The reason why we have moved away from small-scale farming to massive, industrial models is not because factory farming is better at producing food. It is not. It is unsustainable, destroys the soil and pollutes waterways, and delivers less food of a lower quality than the small farm.
The reason why Big-Ag is dominant in the West is simply because that’s the model that can generate the most profit for corporations: the chemical companies, the seed sellers, the grain buying cartels, and the meat packing conglomerates.
We simply cannot continue like this. And we cannot wait for the corporate world (which controls Government) to decide to change tack. WE have to do it. And that means finding ways to set up new small farms on systems modelled after nature.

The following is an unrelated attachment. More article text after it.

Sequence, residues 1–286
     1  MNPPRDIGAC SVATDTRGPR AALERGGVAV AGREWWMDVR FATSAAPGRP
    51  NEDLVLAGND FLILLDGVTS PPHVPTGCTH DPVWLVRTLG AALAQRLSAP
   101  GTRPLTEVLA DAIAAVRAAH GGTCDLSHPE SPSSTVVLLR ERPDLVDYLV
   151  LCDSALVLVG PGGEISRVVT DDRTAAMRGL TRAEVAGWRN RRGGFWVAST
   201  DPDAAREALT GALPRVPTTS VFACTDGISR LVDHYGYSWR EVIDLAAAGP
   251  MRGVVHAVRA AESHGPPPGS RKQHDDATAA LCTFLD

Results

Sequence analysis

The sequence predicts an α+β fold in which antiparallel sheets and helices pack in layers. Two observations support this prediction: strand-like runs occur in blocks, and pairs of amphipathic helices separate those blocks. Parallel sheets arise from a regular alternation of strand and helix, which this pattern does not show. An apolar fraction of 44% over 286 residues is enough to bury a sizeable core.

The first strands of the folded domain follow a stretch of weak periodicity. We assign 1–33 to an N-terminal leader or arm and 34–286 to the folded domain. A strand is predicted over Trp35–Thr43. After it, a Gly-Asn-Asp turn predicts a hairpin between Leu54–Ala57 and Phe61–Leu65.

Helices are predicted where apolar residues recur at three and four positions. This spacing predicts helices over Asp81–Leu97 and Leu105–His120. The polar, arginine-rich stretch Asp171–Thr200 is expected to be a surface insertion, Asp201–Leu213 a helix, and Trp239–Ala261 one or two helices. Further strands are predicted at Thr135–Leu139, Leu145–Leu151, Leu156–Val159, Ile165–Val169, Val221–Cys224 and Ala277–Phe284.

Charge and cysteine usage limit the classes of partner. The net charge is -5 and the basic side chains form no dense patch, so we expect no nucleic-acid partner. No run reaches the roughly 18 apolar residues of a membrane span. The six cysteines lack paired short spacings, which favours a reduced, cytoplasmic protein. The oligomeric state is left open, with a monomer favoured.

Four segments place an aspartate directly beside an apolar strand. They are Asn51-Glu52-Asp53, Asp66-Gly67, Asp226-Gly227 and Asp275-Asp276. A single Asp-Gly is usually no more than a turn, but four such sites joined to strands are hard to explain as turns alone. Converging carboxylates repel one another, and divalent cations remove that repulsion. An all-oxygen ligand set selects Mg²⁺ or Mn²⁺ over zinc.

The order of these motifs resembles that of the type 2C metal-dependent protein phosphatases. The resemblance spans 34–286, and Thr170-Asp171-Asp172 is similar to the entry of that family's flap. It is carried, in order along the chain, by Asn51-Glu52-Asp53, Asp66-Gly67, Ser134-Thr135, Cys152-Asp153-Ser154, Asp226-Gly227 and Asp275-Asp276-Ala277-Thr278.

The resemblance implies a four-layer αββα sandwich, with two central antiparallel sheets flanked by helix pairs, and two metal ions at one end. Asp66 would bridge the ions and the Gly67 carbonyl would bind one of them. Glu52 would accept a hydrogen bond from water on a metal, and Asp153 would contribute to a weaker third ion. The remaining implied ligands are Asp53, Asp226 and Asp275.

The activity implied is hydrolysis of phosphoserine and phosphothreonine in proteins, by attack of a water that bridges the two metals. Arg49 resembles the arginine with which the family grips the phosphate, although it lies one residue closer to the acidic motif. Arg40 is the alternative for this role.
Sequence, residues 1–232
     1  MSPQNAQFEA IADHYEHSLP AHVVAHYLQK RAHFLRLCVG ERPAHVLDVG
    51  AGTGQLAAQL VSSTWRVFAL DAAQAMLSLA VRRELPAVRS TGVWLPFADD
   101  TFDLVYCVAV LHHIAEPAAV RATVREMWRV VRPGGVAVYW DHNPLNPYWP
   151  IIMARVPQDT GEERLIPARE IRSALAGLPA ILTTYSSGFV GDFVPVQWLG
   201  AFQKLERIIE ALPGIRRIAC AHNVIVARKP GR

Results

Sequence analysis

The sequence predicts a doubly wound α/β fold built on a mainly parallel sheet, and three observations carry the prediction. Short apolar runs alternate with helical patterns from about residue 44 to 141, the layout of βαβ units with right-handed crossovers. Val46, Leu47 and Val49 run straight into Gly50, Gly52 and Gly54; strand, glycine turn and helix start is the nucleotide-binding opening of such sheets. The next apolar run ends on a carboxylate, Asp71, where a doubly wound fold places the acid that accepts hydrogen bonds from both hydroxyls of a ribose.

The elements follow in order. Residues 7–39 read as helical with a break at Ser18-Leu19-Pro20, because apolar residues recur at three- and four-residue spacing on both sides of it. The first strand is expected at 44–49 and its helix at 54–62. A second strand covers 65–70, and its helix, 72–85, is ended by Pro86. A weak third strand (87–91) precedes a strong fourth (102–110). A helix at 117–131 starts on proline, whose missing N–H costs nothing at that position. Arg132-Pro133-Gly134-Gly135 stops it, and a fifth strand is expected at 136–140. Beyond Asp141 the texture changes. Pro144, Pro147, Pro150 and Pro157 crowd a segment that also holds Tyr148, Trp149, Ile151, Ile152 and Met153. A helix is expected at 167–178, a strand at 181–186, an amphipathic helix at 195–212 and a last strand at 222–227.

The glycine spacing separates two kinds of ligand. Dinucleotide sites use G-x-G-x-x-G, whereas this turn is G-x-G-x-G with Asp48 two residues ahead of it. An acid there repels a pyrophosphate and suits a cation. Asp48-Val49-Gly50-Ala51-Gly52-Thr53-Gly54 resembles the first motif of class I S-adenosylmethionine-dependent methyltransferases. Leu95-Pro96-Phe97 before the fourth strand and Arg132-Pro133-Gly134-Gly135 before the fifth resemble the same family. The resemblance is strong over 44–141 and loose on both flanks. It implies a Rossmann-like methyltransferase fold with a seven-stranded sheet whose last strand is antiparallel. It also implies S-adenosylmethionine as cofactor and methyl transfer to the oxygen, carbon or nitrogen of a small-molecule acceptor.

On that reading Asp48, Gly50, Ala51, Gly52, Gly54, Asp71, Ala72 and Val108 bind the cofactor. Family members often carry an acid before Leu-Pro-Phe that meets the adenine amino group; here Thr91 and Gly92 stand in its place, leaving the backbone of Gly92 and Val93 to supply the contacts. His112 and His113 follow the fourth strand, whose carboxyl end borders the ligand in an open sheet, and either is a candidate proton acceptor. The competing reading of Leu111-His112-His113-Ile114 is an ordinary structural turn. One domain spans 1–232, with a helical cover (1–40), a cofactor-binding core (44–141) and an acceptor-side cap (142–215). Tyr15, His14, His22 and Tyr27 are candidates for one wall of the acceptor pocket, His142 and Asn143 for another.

Nature has already figured out everything we need to grow abundant food, and she never uses monocultures (growing just one thing in one place). Instead, when we grow crops, pigs and other animals can go in to clear the land ready for what comes next. They’re happy to do the work and will turn crop residues and weeds into healthy manure.
After a few cycles of veg crops have depleted some of the land’s goodness, it can be put to grass and grazed for a few years. Grazing perennial pasture not only sequesters carbon from the atmosphere (making it regenerative), it is also the healthiest way to raise anything from cows to chickens. The chickens will even help pick the parasites and their eggs from the cow’s manure and kick it all over the ground as they’re doing so.
And, of course, totally grass-fed (plus forbs and other goodies) meat, dairy, and eggs are the best food you can get. When the animals get to enjoy their natural environment, they’re happier and healthier, have less disease, don’t need antibiotics, and give us products that are similarly healthy, higher in good things like Omega-3 fatty acids and CLA (conjugated linoleic acid).